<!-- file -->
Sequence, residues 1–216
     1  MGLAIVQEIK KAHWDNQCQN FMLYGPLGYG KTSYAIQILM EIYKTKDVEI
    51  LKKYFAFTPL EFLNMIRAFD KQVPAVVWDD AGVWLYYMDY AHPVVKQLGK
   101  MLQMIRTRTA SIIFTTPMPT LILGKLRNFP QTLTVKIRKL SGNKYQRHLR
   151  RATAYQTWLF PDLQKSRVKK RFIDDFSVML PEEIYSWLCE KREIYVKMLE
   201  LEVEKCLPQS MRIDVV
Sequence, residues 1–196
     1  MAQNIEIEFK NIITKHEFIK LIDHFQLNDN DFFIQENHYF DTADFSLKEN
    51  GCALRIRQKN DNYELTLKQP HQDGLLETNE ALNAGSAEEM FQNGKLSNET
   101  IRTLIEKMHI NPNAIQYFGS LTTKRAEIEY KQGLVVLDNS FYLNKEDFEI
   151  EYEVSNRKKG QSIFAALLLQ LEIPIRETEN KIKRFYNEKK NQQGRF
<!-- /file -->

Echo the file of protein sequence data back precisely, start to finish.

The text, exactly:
Sequence, residues 1–216
     1  MGLAIVQEIK KAHWDNQCQN FMLYGPLGYG KTSYAIQILM EIYKTKDVEI
    51  LKKYFAFTPL EFLNMIRAFD KQVPAVVWDD AGVWLYYMDY AHPVVKQLGK
   101  MLQMIRTRTA SIIFTTPMPT LILGKLRNFP QTLTVKIRKL SGNKYQRHLR
   151  RATAYQTWLF PDLQKSRVKK RFIDDFSVML PEEIYSWLCE KREIYVKMLE
   201  LEVEKCLPQS MRIDVV
Sequence, residues 1–196
     1  MAQNIEIEFK NIITKHEFIK LIDHFQLNDN DFFIQENHYF DTADFSLKEN
    51  GCALRIRQKN DNYELTLKQP HQDGLLETNE ALNAGSAEEM FQNGKLSNET
   101  IRTLIEKMHI NPNAIQYFGS LTTKRAEIEY KQGLVVLDNS FYLNKEDFEI
   151  EYEVSNRKKG QSIFAALLLQ LEIPIRETEN KIKRFYNEKK NQQGRF